The million dollar question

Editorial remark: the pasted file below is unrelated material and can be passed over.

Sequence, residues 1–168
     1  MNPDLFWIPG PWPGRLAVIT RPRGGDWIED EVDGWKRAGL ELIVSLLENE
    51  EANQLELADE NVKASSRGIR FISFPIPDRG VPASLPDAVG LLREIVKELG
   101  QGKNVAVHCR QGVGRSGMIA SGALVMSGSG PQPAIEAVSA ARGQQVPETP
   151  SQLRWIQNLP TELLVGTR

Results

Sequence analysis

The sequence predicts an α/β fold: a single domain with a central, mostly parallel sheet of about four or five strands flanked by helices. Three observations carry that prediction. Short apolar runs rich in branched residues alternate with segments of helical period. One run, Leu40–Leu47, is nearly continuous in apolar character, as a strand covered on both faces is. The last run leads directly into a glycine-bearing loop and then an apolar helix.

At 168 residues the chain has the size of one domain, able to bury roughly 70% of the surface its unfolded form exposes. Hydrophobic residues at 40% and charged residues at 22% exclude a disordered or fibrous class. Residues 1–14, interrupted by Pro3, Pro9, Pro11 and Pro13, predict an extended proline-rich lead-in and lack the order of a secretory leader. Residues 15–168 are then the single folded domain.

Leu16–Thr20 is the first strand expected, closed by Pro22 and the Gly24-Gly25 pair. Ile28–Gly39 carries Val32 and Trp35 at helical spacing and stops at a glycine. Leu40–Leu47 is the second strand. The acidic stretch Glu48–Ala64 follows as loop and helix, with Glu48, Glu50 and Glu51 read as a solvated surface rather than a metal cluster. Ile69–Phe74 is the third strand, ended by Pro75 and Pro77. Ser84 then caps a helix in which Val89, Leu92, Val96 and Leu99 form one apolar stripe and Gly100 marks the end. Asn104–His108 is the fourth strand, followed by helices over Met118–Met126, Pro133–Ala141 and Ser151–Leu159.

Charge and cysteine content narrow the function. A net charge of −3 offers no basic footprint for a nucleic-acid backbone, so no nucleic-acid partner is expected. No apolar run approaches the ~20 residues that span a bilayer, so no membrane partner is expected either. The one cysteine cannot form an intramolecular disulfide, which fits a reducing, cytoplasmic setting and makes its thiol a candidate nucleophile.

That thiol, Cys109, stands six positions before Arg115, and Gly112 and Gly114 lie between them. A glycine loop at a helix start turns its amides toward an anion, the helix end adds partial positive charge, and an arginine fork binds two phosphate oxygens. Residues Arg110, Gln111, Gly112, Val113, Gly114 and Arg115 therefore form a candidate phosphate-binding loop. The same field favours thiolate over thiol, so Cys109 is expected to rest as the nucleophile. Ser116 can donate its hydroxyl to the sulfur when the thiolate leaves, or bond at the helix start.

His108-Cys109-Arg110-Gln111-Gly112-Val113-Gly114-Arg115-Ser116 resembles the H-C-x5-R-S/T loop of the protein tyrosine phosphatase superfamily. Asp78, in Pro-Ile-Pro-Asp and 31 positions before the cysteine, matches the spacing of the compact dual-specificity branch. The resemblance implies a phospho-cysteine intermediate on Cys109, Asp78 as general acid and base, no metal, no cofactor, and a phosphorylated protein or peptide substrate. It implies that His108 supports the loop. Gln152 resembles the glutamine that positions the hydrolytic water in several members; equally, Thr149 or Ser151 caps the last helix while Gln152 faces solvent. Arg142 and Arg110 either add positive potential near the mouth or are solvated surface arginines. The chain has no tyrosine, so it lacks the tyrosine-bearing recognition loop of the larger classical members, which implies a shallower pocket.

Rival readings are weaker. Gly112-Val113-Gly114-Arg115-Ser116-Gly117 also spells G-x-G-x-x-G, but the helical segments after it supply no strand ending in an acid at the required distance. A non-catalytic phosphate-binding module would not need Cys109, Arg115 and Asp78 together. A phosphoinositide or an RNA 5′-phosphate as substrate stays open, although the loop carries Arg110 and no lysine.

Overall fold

I really enjoyed this reading. It almost seemed like a grotesque carnival scene as Meyers gives us the grand tour of the freak show. I never thought about how a reporter would have to spend days running back and forth between court rooms for stories. It's also disheartening that there are so many stories in Chicago that only the strange and famous make it into the papers. I love the story about the missionary who got into a fight with her husband and ended up shooting him over who had saved the most people. I also found Judge Bolan's interview interesting. He really didn't try to sugar-coat his job- he really explained the court system as he's come to know it, "You can get totally immersed in this building. . . .There's a Criminal Court personalilty: You become cynical as hell, nothing is taken at face value, you cross-examine everything. Nobody's innocent. Innocence is something that's lost in childhood." Anybody that works in the system has to becoem jaded at some point. I'm sure every new lawyer has great intentions of saving the world but how long does it take before he loses his/her innocence. I was also intrigued by the Judge Bolan's humanity as he asked hmself what he's doing to change the world. Many people would say nothing while others would argue that it is because of judges like him that the justice system works so well. Finally Meyers states, "THe who, what when, and where of each case have been ahswered. Only the why remains." THis is the million dollar question that everyone asks themselves as they tuck in their children or go to bed at night, and this is the question that keeps the courtrooms busy.
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